In the Winter issue, Ruth Johnson Carter, our luminous and insightful Editor-in-Chief for the last seven years, announced her retirement. As one of the Journal's Editorial Consultants, it has been my privilege to support her and the Journal during these significant years of development, and it is an honor now to serve as Guest Editor while we search for someone to fill the huge gap left by Ruth's departure.
Among the stimulating authors of articles and book reviews assembled for this issue are friends old and new. The remarkable lead article by Franz Renggli of Basel, Switzerland delves briefly but deeply into the life work of the Dutch scholar, Bruno Hugo Stricker. What Renggli provides is the first introduction in the English language of Stricker's surprising discovery of the prenatal and perinatal dimensions of ancient Egyptian mythology and culture. Out of the darkness of the burial chamber of Ramses VI, with its hieroglyphics, books, and pictorials, we are allowed to glimpse a culture that integrated embryology and cosmology, birth with death and soul.
Ludwig Janus of Heidelberg, Germany takes us on another journey of exploration into the hidden roots of cultural practices and thought forms in the universal elements of our primal experiences in the womb and at birth. Dr. Janus, President of the International Society of Prenatal and Perinatal Psychology and Medicine, presented this paper at the 10th Congress of APPPAH upon receiving the 2001 Thomas R. Verny Award for Outstanding Contributions to Pre- and Perinatal Psychology.
Illuminating the confusing, densely buried realms of the human brain, Allan Schore of the University of California at Los Angeles School of Medicine charts the neurobiology of attachment and early personality organization-an intimidating territory only recently opened to exploration. Allan courageously explains the vast neurological complexities that underlie the simplest human experiences of loving attachment and early nurturing-and why they must not be taken for granted. He was a workshop presenter and panel speaker at the 2001 International Congress of APPPAH.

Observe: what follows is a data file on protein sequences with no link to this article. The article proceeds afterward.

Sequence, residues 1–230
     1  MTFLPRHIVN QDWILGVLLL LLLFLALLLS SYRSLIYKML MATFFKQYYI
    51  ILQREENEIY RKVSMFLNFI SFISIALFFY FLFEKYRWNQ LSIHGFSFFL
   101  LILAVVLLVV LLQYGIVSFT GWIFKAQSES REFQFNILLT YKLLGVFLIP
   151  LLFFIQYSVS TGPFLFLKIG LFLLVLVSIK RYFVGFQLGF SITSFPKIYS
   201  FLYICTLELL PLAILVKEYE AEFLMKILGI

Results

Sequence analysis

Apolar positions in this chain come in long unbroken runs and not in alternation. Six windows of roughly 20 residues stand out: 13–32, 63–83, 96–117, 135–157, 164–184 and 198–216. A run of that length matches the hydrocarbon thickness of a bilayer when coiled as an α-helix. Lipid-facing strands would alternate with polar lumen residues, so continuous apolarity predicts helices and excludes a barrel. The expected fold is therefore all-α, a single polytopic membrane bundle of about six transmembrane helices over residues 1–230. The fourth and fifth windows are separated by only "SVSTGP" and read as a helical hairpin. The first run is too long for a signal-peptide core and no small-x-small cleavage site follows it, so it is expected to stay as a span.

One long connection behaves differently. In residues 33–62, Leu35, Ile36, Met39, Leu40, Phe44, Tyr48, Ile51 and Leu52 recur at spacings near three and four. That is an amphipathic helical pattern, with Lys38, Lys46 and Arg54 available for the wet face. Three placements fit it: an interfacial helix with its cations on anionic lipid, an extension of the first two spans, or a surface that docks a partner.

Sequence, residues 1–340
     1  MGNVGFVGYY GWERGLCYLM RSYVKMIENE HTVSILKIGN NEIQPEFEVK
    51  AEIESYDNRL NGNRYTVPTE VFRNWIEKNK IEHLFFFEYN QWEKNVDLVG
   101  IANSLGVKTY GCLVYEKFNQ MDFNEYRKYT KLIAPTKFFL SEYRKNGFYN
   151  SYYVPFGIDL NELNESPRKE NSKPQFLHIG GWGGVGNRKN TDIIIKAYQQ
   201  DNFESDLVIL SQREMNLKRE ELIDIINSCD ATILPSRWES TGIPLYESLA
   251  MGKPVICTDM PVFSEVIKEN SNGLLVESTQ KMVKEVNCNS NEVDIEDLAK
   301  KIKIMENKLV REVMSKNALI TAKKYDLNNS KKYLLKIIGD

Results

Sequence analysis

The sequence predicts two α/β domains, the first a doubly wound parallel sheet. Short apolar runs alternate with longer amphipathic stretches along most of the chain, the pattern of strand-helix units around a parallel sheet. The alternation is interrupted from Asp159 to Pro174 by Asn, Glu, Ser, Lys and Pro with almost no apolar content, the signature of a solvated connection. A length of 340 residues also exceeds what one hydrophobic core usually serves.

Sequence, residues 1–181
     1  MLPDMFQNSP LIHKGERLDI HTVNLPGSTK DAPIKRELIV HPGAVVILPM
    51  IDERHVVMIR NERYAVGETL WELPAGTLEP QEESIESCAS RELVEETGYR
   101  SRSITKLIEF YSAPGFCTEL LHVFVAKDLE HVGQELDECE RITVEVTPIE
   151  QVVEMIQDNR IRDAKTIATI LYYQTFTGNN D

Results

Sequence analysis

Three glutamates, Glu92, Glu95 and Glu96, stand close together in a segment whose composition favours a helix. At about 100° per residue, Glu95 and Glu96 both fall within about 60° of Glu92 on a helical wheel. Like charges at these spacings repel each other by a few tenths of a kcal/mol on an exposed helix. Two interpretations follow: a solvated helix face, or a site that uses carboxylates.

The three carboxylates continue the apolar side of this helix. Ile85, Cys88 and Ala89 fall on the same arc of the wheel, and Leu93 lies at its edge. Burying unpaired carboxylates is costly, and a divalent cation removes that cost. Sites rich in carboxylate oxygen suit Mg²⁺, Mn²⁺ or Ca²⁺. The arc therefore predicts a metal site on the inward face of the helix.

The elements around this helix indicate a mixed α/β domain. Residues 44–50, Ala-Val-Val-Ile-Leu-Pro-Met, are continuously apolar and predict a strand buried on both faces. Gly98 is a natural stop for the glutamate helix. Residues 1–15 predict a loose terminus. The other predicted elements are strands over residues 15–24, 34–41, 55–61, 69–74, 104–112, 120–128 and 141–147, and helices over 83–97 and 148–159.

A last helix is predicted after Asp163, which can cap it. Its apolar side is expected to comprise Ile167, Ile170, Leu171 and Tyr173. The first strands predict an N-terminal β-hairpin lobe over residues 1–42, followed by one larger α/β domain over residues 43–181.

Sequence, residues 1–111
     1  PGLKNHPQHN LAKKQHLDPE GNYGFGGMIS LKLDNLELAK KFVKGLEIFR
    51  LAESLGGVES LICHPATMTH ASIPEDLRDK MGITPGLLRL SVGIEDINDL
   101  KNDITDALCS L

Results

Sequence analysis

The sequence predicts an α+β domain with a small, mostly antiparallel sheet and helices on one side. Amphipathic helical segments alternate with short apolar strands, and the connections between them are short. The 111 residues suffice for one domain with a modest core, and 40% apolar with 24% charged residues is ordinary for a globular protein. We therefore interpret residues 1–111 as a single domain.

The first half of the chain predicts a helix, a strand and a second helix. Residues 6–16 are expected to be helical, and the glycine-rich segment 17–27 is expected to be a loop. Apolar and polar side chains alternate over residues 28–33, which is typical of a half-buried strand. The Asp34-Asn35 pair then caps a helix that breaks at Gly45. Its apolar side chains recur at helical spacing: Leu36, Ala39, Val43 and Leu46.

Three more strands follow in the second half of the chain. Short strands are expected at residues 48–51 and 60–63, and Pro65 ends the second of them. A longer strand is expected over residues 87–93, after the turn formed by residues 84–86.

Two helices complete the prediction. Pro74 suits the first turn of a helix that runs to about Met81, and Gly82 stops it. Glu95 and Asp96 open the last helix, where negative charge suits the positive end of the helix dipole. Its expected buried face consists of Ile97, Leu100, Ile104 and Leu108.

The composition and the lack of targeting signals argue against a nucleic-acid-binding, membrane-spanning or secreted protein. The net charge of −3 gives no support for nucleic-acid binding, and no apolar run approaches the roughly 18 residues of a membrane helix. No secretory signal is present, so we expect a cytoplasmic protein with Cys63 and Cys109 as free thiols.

Inveterate trail blazer, and former Verny Award winner, Michel Odent, shares with us four essays in a field he helped to invent: primal health research. As Director of the Primal Health Research Centre in London, Dr. Odent created the quarterly Primal Health Research newsletter and the Primal Health Research Data Bank-precious instruments for exposing the invisible and overlooked connections between events in fetal life, perinatal experience, and early infancy and our health in later life. He has been writing quarterly essays on the subject for subscribers to his newsletter since 1993. I am happy to report that we have gained his permission to reprint, annually, four of these essays for extended circulation to the world-wide readers of this Journal. In this issue, we celebrate the beginning of this new collaboration.
David B. Chamberlain, Ph.D.
Santa Barbara Graduate Institute